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UK Imas- please explain current situation

 
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amother




OP


Post  Mon, Jul 22 2019, 1:50 pm
I tried googling and I'm still confused. Also, I put this here rather than in politics because I wanted to stay anon (feeling stupid for not knowing) and because I'm not really interested in politics or opinions, just a simple explanation of what's going on.

So I understand that Teresa May resigned, so there needs to be a new prime minister. I assumed this meant there would be a general election, but apparently that's not the case? It's just a party election?

Next question: I heard that this week Boris Johnson will be announced as new PM. Is this a sure thing? Or a thing until a general election is held? Is it like Israel where he has to form a coalition by a certain deadline or else face general elections?

Thank you in advance for your patience in explaining Smile
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Raisin




 
 
 


Post  Mon, Jul 22 2019, 2:05 pm
No, if a prime minister resigns mid term, the ruling party just need to elect a new leader and the leader becomes prime minister. Thats how Teresa May became prime minister too.

First the conservative MPs got to choose which 2 MPs would be in the running. Now, I believe it is members of the conservative party (I guess any member of public who belongs to party and pays the membership fee) who vote on these two.

Boris Johnson will almost certainly win this election. He doesn't have to form a new government...the conservatives already have a majority, just about, with the help of the Ulster Unionists. I guess he has to be nice enough to the Ulster Unionists so they don't quit on him. He does have to choose a cabinet. (a few of the old cabinet have already annouced they are resigning and won't serve under him)
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Brownies




 
 
 


Post  Mon, Jul 22 2019, 4:04 pm
Just to add to what Raisin wrote - in the UK we vote for a party, not a prime minister*, I.e. unlike in America we have no separate ballot paper to choose who will lead the country - each area votes for a member of parliament (MP) to represent them, and the party with the most MPs will usually become the government if they have a large enough majority - and the leader of the party is prime minister by default.

Therefore if the leader of a party resigns, the party simply chooses a new leader who automatically becomes prime minister if that party is in power.

(*Technically and theoretically. In practice this is debatable especially nowadays when the UK has started imitating American presidential debates between party leaders before a general election.)
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amother




Puce


Post  Mon, Jul 22 2019, 4:08 pm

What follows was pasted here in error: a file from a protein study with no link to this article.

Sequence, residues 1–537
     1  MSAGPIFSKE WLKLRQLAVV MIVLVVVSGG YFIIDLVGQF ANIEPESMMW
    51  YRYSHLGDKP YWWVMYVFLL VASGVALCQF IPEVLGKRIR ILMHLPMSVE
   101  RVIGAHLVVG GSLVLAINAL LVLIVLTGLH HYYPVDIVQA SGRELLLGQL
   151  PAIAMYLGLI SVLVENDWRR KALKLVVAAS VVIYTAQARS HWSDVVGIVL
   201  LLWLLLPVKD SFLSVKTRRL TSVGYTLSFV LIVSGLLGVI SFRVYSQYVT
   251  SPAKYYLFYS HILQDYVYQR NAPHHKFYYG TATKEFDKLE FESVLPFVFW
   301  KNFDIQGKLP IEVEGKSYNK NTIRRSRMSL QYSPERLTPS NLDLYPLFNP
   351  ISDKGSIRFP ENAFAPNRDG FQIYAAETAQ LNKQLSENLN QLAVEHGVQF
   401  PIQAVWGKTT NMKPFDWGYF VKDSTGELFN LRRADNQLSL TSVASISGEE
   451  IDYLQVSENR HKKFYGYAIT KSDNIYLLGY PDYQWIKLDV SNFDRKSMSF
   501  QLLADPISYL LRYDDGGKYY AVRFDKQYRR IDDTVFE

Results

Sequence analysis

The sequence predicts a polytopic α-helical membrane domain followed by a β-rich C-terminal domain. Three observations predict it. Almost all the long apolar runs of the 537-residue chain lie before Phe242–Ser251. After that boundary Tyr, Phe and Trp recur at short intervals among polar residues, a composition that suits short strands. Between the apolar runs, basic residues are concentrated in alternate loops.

Brownies wrote:
Just to add to what Raisin wrote - in the UK we vote for a party, not a prime minister*, I.e. unlike in America we have no separate ballot paper to choose who will lead the country - each area votes for a member of parliament (MP) to represent them, and the party with the most MPs will usually become the government if they have a large enough majority - and the leader of the party is prime minister by default.

Therefore if the leader of a party resigns, the party simply chooses a new leader who automatically becomes prime minister if that party is in power.

(*Technically and theoretically. In practice this is debatable especially nowadays when the UK has started imitating American presidential debates between party leaders before a general election.)


In Canada the party leaders debate before a general election. Has been like this for years.
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amother




OP


Post  Mon, Jul 22 2019, 4:13 pm
Thank you. I was aware that you vote for the party, but I thought it was like Israel, where you have party primaries to determine who would get each seat, and then a general election to determine who the party with the most seats (and thus PM) will be. Didn't realize the party stays and just chooses a new head.

Does that mean you only have elections when there's due to be an election, or do you still sometimes have coalitions falling apart and forcing early elections?
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Brownies




 
 
 


Post  Mon, Jul 22 2019, 4:27 pm
amother [ Puce ] wrote:
In Canada the party leaders debate before a general election. Has been like this for years.


Ok... I’m not sure why this is relevant. In the UK this never happened before 2010.

My point is just that people often say “the UK votes for a governing party, not a prime minister” to justify the fact that the UK will be getting a new leader who is being chosen by 160 000 Conservative party members - a fraction of the total electorate. In my opinion this is not entirely true given that the party leaders have such a large part to play in convincing the people to vote for their party (eg by means of the TV debates) and many people will vote for a party based on who its leader is.

Case in point - many UK Jews are lifelong Labour voters but would not currently even dream of voting Labour due to Jeremy Corbyn being its leader - even though their local Labour MP may be friendly to Jews and good at his or her job (or even Jewish himself).
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amother




Puce


Post  Mon, Jul 22 2019, 4:38 pm
Brownies wrote:
Ok... I’m not sure why this is relevant. In the UK this never happened before 2010.